Question 29

List the symptoms, signs, causes and treatment of Fat Embolism Syndrome.

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College Answer

Symptoms ie   dyspnoea, confusion,

Signs               Respiratory, CNS, cutaneous,

Causes            Long Bone #s, smaller bones, sickle cell, compression liposuction etc

Treatment:      Supportive ie O2, CPAP, Ventilation.


For a ten mark question, the college answer - though technically hitting all the correct notes- appears a little austere.

A more generously expanded answer could be constructed using the various published review literature on the subject. It would resemble something like the following:

Symptoms of fat embolism

  • Confusion is usually the earliest symptom
  • Dyspnoea
  • Tachypnoea
  • Haemoptysis
  • Usually, with a latent period (say, some days after the manipulation of a fracture).

Signs of fat embolism

    • Respiratory features: moist crepitations over all lung fields, hypoxia, cyanosis
    • Characteristic petechial rash, usually over the anterior axillary fold and at the root of the neck, as well as on the buccal mucosa and the conjunctiva. This distribution can be explained by fat droplets accumulating in the aortic arch prior to embolisation to nondependent skin via the subclavian and carotid vessels.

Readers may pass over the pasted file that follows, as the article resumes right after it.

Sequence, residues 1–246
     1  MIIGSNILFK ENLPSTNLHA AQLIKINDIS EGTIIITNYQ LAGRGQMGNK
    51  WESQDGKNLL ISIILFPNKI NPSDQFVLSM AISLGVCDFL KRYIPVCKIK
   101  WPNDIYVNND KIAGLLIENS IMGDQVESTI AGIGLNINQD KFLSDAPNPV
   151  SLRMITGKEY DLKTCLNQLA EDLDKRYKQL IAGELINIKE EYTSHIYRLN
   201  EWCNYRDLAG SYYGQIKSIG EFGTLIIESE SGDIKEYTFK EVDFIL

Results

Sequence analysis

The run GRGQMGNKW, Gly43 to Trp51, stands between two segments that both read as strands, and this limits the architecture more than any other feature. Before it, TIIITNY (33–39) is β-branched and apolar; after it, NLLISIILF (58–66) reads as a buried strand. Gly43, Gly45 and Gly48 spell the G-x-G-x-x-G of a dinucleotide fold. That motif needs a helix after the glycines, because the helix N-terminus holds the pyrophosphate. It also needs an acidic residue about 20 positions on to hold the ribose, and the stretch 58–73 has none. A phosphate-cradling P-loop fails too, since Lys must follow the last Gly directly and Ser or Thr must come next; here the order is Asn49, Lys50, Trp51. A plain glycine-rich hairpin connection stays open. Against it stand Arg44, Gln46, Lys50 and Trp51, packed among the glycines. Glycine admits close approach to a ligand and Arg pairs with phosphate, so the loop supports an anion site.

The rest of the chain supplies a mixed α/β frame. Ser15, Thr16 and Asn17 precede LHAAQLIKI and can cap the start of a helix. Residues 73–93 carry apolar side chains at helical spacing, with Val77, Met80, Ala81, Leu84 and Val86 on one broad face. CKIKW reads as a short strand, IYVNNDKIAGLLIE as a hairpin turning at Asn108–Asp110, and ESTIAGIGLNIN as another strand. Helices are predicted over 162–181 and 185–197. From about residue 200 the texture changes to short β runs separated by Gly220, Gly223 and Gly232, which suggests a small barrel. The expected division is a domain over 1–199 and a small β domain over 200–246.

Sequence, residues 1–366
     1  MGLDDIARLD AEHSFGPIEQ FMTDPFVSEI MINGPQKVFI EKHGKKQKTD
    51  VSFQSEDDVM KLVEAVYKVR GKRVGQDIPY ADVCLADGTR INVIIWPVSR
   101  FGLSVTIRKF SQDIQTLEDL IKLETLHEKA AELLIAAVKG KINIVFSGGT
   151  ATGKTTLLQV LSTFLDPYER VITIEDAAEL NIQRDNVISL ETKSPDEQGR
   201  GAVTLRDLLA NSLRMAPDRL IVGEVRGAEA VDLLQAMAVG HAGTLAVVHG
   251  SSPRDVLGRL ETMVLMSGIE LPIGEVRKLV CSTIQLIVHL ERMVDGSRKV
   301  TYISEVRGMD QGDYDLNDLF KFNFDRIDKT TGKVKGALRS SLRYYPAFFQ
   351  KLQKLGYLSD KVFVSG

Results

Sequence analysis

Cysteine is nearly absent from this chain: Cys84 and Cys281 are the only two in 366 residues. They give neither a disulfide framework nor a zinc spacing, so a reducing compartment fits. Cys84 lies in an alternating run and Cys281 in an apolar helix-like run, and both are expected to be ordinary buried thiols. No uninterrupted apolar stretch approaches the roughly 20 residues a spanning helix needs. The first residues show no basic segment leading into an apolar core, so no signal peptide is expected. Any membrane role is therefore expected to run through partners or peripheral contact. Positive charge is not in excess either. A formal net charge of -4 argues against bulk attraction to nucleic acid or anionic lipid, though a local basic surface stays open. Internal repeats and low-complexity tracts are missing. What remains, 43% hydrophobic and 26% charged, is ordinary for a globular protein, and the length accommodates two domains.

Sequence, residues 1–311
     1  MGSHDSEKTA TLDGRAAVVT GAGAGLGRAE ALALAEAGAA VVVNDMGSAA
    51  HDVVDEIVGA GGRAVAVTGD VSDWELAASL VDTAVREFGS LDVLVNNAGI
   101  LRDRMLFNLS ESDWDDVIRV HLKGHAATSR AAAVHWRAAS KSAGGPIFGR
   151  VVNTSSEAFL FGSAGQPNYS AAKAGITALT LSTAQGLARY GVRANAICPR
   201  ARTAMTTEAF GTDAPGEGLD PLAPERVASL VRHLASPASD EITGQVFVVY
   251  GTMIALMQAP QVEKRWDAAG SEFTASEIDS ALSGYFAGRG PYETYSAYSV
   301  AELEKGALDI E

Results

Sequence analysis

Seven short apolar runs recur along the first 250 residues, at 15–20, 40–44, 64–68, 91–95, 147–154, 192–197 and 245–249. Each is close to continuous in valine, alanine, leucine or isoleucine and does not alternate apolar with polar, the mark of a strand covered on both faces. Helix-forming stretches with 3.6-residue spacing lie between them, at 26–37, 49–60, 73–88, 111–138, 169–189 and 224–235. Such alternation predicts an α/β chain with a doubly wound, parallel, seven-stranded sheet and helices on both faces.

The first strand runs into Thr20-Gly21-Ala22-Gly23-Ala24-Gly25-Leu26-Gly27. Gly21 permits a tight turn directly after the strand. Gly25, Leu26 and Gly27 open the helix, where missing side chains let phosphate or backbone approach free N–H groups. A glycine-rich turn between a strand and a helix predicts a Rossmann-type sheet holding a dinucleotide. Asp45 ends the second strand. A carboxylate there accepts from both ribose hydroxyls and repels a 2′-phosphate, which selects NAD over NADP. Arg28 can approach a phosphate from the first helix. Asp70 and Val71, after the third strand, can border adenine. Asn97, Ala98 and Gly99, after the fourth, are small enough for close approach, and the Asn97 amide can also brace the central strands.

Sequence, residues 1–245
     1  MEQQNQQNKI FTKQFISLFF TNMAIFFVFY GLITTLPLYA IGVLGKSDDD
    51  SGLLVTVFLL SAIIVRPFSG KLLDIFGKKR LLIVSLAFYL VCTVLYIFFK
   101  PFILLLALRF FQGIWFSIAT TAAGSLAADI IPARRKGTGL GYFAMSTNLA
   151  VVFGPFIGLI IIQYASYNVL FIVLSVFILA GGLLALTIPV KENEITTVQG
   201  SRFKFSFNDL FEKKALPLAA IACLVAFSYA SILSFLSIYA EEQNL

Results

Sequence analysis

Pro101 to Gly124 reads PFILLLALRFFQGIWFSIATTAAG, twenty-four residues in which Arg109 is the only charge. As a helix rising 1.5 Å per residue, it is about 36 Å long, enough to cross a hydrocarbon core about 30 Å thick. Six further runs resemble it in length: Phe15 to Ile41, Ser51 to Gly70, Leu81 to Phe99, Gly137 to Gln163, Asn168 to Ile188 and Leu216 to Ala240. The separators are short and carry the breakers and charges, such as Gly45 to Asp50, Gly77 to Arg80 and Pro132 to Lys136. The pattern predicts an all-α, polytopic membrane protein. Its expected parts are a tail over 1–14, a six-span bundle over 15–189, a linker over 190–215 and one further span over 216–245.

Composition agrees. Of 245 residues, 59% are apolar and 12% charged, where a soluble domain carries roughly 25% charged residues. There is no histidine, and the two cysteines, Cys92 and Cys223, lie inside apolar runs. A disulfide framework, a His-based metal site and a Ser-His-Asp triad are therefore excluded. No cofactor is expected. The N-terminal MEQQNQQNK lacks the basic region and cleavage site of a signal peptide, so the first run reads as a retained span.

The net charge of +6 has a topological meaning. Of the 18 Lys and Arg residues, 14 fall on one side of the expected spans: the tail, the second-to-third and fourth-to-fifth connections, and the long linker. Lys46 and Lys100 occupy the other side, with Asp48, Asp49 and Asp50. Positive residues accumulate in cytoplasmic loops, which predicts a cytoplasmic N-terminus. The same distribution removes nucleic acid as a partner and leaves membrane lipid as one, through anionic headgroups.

• Fever
    • Tachycarda
    • Retinal haemorrhages
    • Visible fat droplets on ophthalmoscopy
    • Jaundice
    • Renal impairment
    • Anaesthetists often note a sudden drop in end-tidal CO2 concentration during a stable steady state.

Laboratory features

    • Thrombocytopenia
    • Anaemia (sudden decrease)
    • High ESR
    • Fat macroglobulinaemia

Causes of fat embolism

    • Long bone fractures
    • Liposuction
    • Bone marrow harvest
    • Lymphography
    • Acute pancreatitis
    • Necrosis of a fatty liver
    • Acute sickle cell crisis (with marrow necrosis)

Management of fat embolism

  • Boring, non-specific treatment:
    • O2 supplementation
    • Positive pressure ventilation
    • Correction of coagulopathy
    • Replacement of platelets
    • Correction of the source problem (i.e. reduction of fractures)

Weird management strategies have been advanced, such as heparin (which supposedly encourage lipase activity and discourages the formation of pletelt aggregates). Alcohol intoxication seems to be somehow protective against fat embolism.


Mellor, A., and N. Soni. "Fat embolism." Anaesthesia 56.2 (2001): 145-154.


Gurd, Alan R., and R. I. Wilson. "The fat embolism syndrome." Journal of Bone & Joint Surgery, British Volume 56.3 (1974): 408-416.


Myers, R., and J. J. Taljaard. "Blood alcohol and fat embolism syndrome." J Bone Joint Surg Am 59.7 (1977): 878-880.


Hofmann, S., G. Huemer, and M. Salzer. "Pathophysiology and management of the fat embolism syndrome." Anaesthesia 53.S2 (1998): 35-37.